"The Princess Bride" won the poll this week, "What movie should I show my film class on Valentine's Day?" over the movies "Annie Hall" and "Harold and Maude." I guess the other two movies, though perhaps more brilliant, are arguably more of a downer and definitely lesser well known.
Fred Savage and Peter Falk
"The Princess Bride" is a great example of framed narration, a movie told with two stories, the frame story (in this case the story of the grandfather and his grandson) and the embedded story (here, the story of Wesley and Buttercup).
"The Princess Bride" was directed by Rob Reiner (his third movie after "Spinal Tap" and "The Sure Thing") and written by William Goldman based on the book he wrote in 1973, sixteen years before the movie came out in 1989!!! Needless to say, the project changed studio hands and directors a few times.
In the commentary, Reiner explains that the movie was hard to market from the beginning because it was kind of an "oddball" movie. It doesn't fit into any one genre.
However, over time, the movie became popular due to its great performances and one liners that made their way into pop culture, lines like "As you wish," and "My name is Inigo Montoya. You killed my father. Prepare to die."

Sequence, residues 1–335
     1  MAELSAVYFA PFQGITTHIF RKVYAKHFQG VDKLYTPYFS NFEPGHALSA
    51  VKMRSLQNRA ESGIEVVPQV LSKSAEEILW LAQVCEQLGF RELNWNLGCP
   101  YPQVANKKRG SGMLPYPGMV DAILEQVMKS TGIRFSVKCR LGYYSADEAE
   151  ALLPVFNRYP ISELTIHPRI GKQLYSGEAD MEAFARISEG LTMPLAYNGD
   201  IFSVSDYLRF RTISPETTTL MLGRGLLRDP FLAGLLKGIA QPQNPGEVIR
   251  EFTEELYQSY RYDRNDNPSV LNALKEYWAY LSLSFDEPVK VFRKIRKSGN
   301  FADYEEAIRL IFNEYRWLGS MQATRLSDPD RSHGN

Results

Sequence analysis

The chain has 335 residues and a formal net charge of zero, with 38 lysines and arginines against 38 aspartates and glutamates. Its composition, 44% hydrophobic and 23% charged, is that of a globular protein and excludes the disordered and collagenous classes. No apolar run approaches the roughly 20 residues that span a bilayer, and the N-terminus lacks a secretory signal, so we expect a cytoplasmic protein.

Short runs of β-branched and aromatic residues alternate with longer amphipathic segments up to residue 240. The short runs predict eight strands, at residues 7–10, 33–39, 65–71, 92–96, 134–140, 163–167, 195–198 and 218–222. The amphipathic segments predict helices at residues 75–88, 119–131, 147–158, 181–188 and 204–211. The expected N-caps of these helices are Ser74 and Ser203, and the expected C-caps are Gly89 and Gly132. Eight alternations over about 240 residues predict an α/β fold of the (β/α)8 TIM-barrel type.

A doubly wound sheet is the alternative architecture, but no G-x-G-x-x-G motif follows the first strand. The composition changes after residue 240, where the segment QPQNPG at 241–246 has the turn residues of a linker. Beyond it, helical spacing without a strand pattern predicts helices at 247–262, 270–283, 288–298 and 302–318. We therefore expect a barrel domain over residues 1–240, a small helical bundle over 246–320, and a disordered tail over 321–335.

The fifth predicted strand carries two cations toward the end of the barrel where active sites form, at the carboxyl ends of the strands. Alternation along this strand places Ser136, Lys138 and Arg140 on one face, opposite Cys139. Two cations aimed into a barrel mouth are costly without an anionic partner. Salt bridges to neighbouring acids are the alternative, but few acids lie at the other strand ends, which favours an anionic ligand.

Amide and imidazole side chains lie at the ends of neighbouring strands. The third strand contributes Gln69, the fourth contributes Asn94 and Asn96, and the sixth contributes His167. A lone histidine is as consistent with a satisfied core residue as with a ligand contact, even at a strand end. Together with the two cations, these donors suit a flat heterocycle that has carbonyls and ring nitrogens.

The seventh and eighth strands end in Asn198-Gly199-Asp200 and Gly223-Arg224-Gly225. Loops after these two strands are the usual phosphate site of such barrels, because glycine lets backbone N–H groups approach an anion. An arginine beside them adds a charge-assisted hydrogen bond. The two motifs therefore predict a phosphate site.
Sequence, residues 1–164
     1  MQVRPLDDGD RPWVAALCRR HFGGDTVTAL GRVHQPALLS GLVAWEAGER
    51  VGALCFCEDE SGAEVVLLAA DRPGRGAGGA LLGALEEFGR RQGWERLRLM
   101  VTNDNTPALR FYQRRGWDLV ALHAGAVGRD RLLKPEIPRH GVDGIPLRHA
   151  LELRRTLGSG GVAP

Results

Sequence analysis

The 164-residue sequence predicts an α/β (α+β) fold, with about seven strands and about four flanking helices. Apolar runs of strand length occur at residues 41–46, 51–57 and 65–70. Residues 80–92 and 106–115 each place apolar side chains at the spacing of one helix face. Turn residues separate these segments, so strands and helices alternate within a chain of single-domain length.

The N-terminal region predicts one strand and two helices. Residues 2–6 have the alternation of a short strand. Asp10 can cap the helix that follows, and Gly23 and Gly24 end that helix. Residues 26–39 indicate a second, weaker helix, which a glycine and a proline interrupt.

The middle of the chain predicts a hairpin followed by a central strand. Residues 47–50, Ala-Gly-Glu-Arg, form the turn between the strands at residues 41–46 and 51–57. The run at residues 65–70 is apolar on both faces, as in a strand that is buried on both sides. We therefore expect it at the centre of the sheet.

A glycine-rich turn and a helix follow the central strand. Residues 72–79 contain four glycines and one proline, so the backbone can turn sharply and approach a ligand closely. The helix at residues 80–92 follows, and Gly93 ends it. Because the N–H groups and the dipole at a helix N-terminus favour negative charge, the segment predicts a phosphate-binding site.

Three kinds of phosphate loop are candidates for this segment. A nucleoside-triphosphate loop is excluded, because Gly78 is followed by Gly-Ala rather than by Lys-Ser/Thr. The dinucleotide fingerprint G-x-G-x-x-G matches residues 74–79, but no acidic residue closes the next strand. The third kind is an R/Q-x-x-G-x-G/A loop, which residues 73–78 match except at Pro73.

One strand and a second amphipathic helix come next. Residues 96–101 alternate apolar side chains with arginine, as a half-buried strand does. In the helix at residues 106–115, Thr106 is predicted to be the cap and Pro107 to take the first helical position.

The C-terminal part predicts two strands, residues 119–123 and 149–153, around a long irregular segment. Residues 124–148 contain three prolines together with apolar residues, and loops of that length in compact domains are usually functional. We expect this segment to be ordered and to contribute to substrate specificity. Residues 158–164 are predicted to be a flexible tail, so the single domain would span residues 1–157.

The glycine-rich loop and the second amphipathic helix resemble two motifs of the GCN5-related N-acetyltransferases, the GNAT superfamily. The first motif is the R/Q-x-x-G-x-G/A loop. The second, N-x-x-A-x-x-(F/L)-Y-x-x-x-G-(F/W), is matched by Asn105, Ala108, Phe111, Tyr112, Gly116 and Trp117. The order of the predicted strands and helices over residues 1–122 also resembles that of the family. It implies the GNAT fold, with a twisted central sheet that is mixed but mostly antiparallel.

This movie also had the incredible low low budget of 16 million dollars. It was filmed on location and on sound studios in Sheffield, England.
Wesley and Buttercup
Robin Wright who plays Princess Buttercup was only 19 coming fresh off the soap opera "Santa Barbara" (which I used to watch religiously)!
Cary Elwes and Mandy Patinkin (now popular on the tv show "Homeland") practiced sword fighting endlessly for five months so that's them doing all the sword fighting in the movie (except for the flips).
Other great performances in this movie include Billy Crystal, Carol Kane, Wallace Shawn, Peter Cook, Christopher Guest, Chris Sarandon, Fred Savage, Peter Falk, and Andre the Giant.
"Marriage is what brings us together today."
Every time I watch this movie, I wonder how the stunt doubles for the main characters don't break their necks rolling down a really steep hill.
I am also grateful that the princess is a pretty strong and brave character, never whimpering around giant eels and very large rodents.
This movie is definitely a classic that can be enjoyed both by parents and their children. Definitely watch it if you haven't already no matter what age you are.